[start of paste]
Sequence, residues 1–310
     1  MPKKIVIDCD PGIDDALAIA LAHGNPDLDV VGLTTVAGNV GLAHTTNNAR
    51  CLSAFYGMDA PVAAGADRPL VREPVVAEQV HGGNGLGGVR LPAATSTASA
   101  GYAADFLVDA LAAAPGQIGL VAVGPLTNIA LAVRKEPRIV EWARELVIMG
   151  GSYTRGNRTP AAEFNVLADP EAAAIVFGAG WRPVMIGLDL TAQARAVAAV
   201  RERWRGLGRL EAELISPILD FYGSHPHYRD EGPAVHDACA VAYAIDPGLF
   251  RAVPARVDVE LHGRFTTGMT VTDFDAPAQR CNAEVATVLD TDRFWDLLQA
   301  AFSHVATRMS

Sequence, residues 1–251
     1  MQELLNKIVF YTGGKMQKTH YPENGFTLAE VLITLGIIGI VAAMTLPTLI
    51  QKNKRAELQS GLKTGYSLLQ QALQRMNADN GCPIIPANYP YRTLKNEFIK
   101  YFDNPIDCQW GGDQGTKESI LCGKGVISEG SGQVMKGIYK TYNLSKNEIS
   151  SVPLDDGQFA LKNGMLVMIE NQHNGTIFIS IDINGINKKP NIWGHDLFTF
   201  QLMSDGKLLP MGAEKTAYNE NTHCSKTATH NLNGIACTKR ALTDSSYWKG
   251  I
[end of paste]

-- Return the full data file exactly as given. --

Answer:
Sequence, residues 1–310
     1  MPKKIVIDCD PGIDDALAIA LAHGNPDLDV VGLTTVAGNV GLAHTTNNAR
    51  CLSAFYGMDA PVAAGADRPL VREPVVAEQV HGGNGLGGVR LPAATSTASA
   101  GYAADFLVDA LAAAPGQIGL VAVGPLTNIA LAVRKEPRIV EWARELVIMG
   151  GSYTRGNRTP AAEFNVLADP EAAAIVFGAG WRPVMIGLDL TAQARAVAAV
   201  RERWRGLGRL EAELISPILD FYGSHPHYRD EGPAVHDACA VAYAIDPGLF
   251  RAVPARVDVE LHGRFTTGMT VTDFDAPAQR CNAEVATVLD TDRFWDLLQA
   301  AFSHVATRMS

Sequence, residues 1–251
     1  MQELLNKIVF YTGGKMQKTH YPENGFTLAE VLITLGIIGI VAAMTLPTLI
    51  QKNKRAELQS GLKTGYSLLQ QALQRMNADN GCPIIPANYP YRTLKNEFIK
   101  YFDNPIDCQW GGDQGTKESI LCGKGVISEG SGQVMKGIYK TYNLSKNEIS
   151  SVPLDDGQFA LKNGMLVMIE NQHNGTIFIS IDINGINKKP NIWGHDLFTF
   201  QLMSDGKLLP MGAEKTAYNE NTHCSKTATH NLNGIACTKR ALTDSSYWKG
   251  I